Gordon T Long

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PRESERVE & PROTECT: The Jaws of Death

 

The United States is facing both a structural and demand problem - it is not the cyclical recessionary business cycle or the fallout of a credit supply crisis which the Washington spin would have you believe.

 

It is my opinion that the Washington political machine is being forced to take this position, because it simply does not know what to do about the real dilemma associated with the implications of the massive structural debt and deficits facing the US.  This is a politically dangerous predicament because the reality is we are on the cusp of an imminent and significant collapse in the standard of living for most Americans.

 

The politicos’ proven tool of stimulus spending, which has been the silver bullet solution for decades to everything that has even hinted of being a problem, is clearly no longer working. Monetary and Fiscal policy are presently no match for the collapse of the Shadow Banking System. A $2.1 Trillion YTD drop in Shadow Banking Liabilities has become an insurmountable problem for the Federal Reserve without a further and dramatic increase in Quantitative Easing. The fallout from this action will be an intractable problem which we will face for the next five to eight years, resulting in the “Jaws of Death” for the American public.  READ MORE

 

 

   

 

PRESERVE & PROTECT: Mapping the Tipping Points

The economic news has turned decidedly negative globally and a sense of ‘quiet before the storm’ permeates the financial headlines. Arcane subjects such as a Hindenburg Omen now make mainline news. The retail investor continues to flee the equity markets and in concert with the institutional players relentlessly pile into the perceived safety of yield instruments, though they are outrageously expensive by any proven measure. Like trying to buy a pump during a storm flood, people are apparently willing to pay any price.  As a sailor it feels like the ominous period where the crew is fastening down the hatches and preparing for the squall that is clearly on the horizon. Few crew mates are talking as everyone is checking preparations for any eventuality. Are you prepared?

 

What if this is not a squall but a tropical storm, or even a hurricane? Unlike sailors the financial markets do not have the forecasting technology to protect it from such a possibility. Good sailors before today’s technology advancements avoided this possibility through the use of almanacs, shrewd observation of the climate and common sense. It appears to this old salt that all three are missing in today’s financial community.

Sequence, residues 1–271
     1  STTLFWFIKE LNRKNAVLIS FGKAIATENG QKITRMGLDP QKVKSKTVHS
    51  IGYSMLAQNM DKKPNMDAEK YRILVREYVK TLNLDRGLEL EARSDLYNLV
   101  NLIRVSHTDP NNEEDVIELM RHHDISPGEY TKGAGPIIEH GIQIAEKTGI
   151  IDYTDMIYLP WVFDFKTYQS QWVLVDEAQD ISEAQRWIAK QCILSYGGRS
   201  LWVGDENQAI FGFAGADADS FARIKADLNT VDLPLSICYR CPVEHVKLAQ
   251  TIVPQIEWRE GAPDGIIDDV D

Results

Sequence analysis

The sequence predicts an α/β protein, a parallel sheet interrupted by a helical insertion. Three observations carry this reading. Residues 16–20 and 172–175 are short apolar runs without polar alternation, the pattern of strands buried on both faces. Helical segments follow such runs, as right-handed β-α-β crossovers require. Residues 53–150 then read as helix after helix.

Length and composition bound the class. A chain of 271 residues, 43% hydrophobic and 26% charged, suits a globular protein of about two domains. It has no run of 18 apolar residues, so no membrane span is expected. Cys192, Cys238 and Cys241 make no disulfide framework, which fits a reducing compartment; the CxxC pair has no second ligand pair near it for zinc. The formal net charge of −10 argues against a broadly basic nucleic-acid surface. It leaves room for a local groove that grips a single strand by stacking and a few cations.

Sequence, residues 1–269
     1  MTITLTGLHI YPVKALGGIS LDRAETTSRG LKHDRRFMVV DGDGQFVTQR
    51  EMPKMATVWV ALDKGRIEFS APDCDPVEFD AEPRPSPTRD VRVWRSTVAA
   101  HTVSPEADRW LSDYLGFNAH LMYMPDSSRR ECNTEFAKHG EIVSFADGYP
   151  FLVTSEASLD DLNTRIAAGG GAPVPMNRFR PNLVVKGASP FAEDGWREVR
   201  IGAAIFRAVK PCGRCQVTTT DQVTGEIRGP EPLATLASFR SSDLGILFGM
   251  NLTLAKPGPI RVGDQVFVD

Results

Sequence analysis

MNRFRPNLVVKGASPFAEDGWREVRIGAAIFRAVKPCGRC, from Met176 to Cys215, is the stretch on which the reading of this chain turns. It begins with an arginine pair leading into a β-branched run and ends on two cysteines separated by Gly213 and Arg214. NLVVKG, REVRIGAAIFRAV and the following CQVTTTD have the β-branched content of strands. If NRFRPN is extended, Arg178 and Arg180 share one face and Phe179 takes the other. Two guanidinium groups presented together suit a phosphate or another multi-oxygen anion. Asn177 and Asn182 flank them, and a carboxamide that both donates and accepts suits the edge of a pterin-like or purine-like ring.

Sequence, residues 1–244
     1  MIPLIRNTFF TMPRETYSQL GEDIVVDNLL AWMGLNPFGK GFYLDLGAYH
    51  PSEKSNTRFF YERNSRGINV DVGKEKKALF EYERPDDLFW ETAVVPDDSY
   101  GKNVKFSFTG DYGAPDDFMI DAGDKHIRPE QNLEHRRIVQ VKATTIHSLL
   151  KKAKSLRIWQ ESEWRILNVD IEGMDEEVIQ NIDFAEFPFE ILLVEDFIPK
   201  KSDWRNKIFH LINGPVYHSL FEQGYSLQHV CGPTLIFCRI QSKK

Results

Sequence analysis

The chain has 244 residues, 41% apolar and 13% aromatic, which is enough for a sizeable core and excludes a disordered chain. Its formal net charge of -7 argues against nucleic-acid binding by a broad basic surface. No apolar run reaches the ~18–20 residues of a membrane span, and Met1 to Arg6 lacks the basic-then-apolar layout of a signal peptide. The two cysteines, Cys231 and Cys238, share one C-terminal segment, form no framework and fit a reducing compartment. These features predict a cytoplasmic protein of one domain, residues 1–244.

Looking through the misty haze though, I can see the following clearly looming on the horizon.

Since President Nixon took the US off the Gold standard in 1971 the increase in global fiat currency has been nothing short of breath taking. It has grown unchecked and inevitably became unhinged from world industrial production and the historical creators of real tangible wealth.  READ MORE


READER ROADMAP -  2010 TIPPING POINTS aid to positioning COMMENTARY

 

 

 

POSTS:  FRIDAY 10-08-10

Last Update: 10/09/2010 05:57 AM

SCHEDULE: 1st Pass: 5:30AM EST, 2nd Pass: 8:00 AM, 3rd Pass 10:30 AM. Last Pass 5:30 PM

ARTICLE SOURCE 1 2 3 4 5 6 7 8 9 10
                       
Bank of England, ECB hold policy steady MW X                  
Hardy Irish Souls Tiptoe Into Nation's Ghost Estates WSJ X                  
China sells off Japanese debt FT X                  
World markets down as yen hits new 15-year-high Reuters X                  
BOJ risks credibility in easing monetary policy Asahi X                  
USA                      
U.S. Aug. consumer credit down $3.3 bln Fed X                  
AAII: Investor sentiment becomes bullish MW X                  
                       
Calif. budget plan relies on accounting maneuvers AP       X            
Christie Scraps Tunnel Project WSJ       X            
IMF Calls for Trillions More in Huge New Round of Bank Bailouts Washington's Blog           X        
New Rules on Bank Breakups WSJ           X        
U.S. Tells HSBC to Improve Oversight WSJ           X        
Fear undermines America’s recovery FT Greenspan             X      
Chris Whalen's Terrifying Presentation On The 2011 Foreclosure Crisis BI                 X  
Mortgage Rates Fall to Record Low of 4.27 Percent AP                 X  
Bank foreclosure cover seen in bill at Obama's desk Reuters                 X  
Why Are Distressed Homeowners Still Paying Their Mortgage WSJ                 X  
                       
ARTICLE SOURCE 11 12 13 14 15 16 17 18 19 20
                       
Jobless Claims in U.S. Decreased 11,000 Last Week to 445,000 Bloomberg   X                
Volcker Says Nations May Face Prolonged Unemployment Bloomberg   X                
Gallup Finds U.S. Unemployment at 10.1% in September Gallup   X                
AIG's Real Numbers Still Shrouded in Secrecy Weil     X              
GE Closes Last Incandescent Light Bulb Plant, Jobs Sent to China Heartland             X      
'Don't force China to appreciate its currency' China Daily             X      
                       
                       
BP OIL                      
Doubts Emerge Over BP's Study FT                    
CENTRAL BANKING & MONETARY POLICY                      
Explaining goals of QE2 occupies Fed FT                    
ECB sticks to its plan for ‘exit strategy’ FT                    
Fed's $2 Trillion May Buy Little Improvement in Jobs Bloomberg                    
Fed is banking on phony wealth effect Saft                    
Fed Policy Pumps Asset Prices Kass                    
El-Erian CNBC                    
Fed weighs a more focused response Wash. Post                    
It's called QE2, but it should really be called QE4. Smart Money                    
The Federal Reserve’s Relevance Test Stiglitz                    
Coming Full Circle on Monetary Policy Forsyth                    
Stockman: I Invest In Anything Bernanke Can't Destroy CNBC                    
Bernanke's Experiment Has Failed, More Quantitative Easing Is Not The Answer BI                    
GENERAL INTEREST                      
IMF says 'few signs' metals supply can keep pace with demand Mining Weekly                    
Noonan- Revolt of the Accountants WSJ                    
MARKET WARNINGS